Cannabis Creative Interview: Dr. Codi Peterson

I sit down with Dr. Codi Peterson, a cannabis pharmacist and educator. We touch on the intersection of cannabis, medicine, public health, and agriculture, as well as a few actionable pieces of advice for people using the plant for the first time (or the first time in a long time.)


Cannabis is medicine, and no one knows that better than Dr. Codi Peterson.

Peterson is a pediatric pharmacist in California, founder of the Pharmacist Cannabis Coalition of California, a master’s student for Cannabis Science at the University of Maryland, president of the Medical Cannabis Student Association, Chief Science Officer at the Cannigma, and social media educator.

In short, he’s pretty damn qualified to talk about cannabis and medicine.

Peterson spends most of his days talking about cannabis, thinking about cannabis, and teaching people about cannabis (myself included.) He’s working tirelessly to combat the plethora of misinformation about weed on the web and in the general public.

A cannabis lover himself, Peterson started using the plant in college but didn’t fully appreciate what it could bring to medicinal patients until he made brownies for an ailing family member. Their change in demeanor and ability to have a good day showed him the dignity cannabis can bring to people who are dying. But it also underscored to him the important of approaching cannabis as medicine, not some random party drug with no information or dosing. Cannabis can benefit nearly everyone when approached and used in the right way.

It all comes back to the endocannabinoid system, one of Peterson’s favorite topics. Appearing on every major organ in the body and within all mammals, the ECS has been called one of, if not the most, important system in the body.  And yet most people are still unaware that they even have an endocannabinoid system, let alone it’s impact on overall health.

“This system is so much more important than regulating whether we’re high”

From external cannabinoids that come from weed to activities that mimic the effects of cannabis like yoga, Peterson wants to break the stigma behind cannabis by helping people understand how the plant can serve them, beyond getting high. In fact, his advice to first time users may surprise you with how low the dose is.

Talking to Dr. Codi, I knew I couldn’t pass up the opportunity to get some advice for first time users or people coming back to the plant for the first time in a long time. So in addition to our exploration of the cannabis industry and the future of medicinal cannabis, you’ll also find some insight from a pharmacist on using the plant to support your health goals, without necessarily getting high.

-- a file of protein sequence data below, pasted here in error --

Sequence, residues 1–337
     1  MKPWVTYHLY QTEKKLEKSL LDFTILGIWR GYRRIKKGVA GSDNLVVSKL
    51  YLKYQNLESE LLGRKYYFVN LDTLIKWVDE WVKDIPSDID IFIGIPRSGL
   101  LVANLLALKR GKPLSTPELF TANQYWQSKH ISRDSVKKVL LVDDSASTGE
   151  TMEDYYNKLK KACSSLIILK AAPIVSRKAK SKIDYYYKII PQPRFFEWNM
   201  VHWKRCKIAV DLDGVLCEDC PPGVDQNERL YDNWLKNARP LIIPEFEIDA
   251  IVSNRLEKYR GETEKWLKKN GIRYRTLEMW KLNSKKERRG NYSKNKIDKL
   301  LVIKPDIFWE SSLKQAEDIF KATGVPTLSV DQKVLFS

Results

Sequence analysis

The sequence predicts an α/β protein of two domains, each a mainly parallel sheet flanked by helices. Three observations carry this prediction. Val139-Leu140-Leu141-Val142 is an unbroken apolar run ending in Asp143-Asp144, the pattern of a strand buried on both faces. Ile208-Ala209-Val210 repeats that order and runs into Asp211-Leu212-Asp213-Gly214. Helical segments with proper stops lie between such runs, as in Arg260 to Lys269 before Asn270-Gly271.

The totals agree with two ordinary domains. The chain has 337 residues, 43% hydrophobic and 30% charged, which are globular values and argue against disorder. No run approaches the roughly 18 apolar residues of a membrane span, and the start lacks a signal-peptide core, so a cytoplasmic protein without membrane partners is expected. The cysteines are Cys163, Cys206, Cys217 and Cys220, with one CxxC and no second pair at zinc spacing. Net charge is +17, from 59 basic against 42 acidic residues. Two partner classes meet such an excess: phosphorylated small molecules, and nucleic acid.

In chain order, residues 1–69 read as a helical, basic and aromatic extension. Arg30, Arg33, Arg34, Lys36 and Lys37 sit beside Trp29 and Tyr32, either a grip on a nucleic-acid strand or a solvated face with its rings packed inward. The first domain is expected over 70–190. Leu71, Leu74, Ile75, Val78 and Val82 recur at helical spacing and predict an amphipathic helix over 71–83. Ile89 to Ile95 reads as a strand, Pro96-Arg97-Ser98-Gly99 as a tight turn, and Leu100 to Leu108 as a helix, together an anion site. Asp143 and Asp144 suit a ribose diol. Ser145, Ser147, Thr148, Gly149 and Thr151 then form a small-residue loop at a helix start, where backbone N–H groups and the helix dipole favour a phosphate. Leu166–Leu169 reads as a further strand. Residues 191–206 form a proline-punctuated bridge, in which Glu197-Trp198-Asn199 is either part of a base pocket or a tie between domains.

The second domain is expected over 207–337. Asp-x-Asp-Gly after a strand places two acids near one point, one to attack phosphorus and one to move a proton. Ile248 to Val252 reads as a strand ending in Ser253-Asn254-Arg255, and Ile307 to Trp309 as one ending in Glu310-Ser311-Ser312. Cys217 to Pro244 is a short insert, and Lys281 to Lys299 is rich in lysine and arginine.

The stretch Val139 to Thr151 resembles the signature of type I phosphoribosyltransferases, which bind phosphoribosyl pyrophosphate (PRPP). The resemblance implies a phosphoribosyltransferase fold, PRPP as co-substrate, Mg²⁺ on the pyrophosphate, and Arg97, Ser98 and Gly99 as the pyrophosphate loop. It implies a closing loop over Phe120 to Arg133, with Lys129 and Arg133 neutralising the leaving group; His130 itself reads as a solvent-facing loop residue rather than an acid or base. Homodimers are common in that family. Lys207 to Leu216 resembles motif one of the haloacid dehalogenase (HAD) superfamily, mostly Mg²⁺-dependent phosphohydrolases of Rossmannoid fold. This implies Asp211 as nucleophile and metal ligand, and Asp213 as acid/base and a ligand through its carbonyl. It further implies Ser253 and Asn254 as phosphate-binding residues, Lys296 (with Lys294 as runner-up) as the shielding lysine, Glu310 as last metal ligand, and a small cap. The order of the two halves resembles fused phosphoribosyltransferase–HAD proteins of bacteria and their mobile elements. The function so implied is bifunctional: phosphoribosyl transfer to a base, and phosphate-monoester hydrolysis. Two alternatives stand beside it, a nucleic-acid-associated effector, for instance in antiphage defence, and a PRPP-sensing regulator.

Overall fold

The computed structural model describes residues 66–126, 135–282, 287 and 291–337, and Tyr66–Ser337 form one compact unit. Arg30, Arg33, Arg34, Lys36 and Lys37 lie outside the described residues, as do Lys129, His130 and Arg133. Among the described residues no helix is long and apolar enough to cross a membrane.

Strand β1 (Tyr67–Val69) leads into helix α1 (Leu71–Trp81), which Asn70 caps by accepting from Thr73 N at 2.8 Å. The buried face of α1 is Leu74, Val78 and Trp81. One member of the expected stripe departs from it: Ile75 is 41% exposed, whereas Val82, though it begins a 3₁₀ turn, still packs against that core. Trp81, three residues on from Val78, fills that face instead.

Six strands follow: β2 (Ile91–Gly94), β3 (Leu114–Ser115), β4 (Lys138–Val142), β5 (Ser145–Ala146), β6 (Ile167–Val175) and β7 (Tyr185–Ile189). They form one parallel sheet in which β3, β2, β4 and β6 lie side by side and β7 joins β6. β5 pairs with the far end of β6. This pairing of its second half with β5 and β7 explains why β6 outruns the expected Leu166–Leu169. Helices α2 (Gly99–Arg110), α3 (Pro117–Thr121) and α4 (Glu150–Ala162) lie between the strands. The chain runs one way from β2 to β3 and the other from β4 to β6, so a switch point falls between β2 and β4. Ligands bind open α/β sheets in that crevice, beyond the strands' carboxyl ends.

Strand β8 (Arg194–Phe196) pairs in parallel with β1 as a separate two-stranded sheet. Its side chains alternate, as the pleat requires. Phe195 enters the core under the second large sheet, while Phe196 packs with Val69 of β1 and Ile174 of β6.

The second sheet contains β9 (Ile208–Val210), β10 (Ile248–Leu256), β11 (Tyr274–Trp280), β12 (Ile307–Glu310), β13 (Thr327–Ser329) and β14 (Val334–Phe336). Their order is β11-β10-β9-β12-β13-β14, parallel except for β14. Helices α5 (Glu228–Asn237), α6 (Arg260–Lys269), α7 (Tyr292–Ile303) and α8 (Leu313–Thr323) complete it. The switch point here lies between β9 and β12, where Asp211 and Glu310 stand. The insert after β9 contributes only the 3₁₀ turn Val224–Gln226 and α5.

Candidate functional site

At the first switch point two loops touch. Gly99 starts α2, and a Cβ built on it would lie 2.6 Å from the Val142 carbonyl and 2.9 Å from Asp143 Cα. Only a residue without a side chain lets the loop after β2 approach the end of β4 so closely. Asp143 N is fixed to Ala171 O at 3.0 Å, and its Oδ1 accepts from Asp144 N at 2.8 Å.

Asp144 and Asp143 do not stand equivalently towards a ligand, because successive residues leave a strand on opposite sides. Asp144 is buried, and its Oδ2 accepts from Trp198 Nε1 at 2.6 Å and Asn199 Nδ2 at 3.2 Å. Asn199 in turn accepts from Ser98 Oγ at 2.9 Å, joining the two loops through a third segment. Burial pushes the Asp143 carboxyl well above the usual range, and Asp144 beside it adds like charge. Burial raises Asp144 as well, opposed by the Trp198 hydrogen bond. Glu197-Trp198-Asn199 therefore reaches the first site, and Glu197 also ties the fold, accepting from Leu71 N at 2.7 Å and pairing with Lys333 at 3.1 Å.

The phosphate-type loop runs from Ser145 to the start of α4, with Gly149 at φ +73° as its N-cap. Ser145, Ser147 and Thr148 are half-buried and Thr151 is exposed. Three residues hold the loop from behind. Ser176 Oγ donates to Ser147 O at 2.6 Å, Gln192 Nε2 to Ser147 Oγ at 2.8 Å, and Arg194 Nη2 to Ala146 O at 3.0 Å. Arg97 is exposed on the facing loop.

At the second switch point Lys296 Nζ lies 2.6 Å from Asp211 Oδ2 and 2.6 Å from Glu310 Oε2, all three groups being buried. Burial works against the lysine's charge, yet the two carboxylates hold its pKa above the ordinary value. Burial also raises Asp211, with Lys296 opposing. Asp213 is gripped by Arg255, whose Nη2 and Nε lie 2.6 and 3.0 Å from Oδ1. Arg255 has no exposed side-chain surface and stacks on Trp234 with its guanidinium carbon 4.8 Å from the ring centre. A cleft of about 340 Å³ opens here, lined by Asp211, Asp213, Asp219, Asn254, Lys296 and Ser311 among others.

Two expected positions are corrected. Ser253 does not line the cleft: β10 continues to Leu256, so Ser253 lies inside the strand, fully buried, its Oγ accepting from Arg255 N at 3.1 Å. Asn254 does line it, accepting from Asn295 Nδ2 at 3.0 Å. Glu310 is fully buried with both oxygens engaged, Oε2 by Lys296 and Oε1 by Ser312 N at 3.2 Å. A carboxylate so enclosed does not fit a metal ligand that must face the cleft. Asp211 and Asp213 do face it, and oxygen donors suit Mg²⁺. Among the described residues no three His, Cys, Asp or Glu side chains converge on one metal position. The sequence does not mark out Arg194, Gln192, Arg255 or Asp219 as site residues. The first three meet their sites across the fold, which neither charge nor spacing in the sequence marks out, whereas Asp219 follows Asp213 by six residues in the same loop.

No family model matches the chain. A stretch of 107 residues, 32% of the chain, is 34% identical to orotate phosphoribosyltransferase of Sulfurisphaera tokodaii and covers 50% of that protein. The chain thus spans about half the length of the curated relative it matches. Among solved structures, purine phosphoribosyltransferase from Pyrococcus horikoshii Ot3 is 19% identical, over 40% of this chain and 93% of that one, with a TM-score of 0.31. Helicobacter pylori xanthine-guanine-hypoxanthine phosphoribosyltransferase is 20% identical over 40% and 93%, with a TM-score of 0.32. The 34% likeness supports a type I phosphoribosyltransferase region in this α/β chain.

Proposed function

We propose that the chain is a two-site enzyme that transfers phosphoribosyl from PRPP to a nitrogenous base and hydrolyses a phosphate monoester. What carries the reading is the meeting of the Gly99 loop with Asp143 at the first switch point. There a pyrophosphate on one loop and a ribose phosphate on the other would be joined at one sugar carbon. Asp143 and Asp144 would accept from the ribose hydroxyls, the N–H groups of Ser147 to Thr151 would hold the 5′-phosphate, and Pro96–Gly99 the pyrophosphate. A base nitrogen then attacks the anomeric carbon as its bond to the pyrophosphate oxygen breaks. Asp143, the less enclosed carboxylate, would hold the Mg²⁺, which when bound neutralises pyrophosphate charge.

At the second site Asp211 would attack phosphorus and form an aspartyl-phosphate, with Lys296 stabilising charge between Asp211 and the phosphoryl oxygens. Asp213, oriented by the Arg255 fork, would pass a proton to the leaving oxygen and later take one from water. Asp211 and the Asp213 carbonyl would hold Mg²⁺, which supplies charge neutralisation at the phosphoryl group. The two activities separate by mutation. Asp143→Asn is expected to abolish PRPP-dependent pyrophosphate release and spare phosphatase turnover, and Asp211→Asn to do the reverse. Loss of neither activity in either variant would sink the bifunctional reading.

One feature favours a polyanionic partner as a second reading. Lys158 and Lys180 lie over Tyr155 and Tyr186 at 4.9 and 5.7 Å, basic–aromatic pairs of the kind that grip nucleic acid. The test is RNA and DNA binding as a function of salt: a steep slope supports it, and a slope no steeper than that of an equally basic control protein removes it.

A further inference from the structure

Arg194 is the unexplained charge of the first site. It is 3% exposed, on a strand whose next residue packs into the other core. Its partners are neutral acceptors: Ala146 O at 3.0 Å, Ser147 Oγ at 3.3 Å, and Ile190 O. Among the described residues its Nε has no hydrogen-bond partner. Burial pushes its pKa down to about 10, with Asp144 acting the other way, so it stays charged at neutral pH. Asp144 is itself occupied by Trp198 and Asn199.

What’s one piece of advice you would give to a new cannabis user?

CP: Most people we recommend a tincture starting at a very low dose, a sub-field dose, usually less than a milligram of THC, of a type III product, depending on what you’re dealing with.

I would really just start with a super low dose of THC, because you’d be surprised how much that can do. There’s no need to jump into five or 10 milligrams. What are you going to get?

Most people are going to get high and that’s okay for some conditions. If you have very severe pain, you want to forget. But if you’re just trying to do it for even studying or for like mood boost, a smaller dose is actually far more effective. And then ratios we can talk about, but typically I start patients on type II or type III, never on a type I, except for rarely somebody who’s already accustomed to cannabis.

What’s a big misunderstanding about cannabis from the general public?

CP: Probably the indica/sativa divide. It works for some people and a little of that might be placebo, a little bit of that might be truth because the plant really did have these, these sort of differential effects depend on where it grew in the world. But the lines are so blurry now that that it’s spoken like bible and it really is nothing more than a weak guide post. Generally speaking, they’ve lost their luster,

What is one thing you wish people understood about cannabis pharmacology?

CP: That is so much more difficult than then they’re they think it is. And this system is so much more important than regulating whether we’re high.

The reason it’s so complex is because the endocannabinoid system is in every major system in our bodies. And it’s important that we figure out how to treat it, not just with cannabis, but how do we really feed this system that regulates health? Cannabis is a great tool, but it’s not everything we need. Is it meditation? Maybe. Is it yoga? Maybe. Is it all those things? Yes.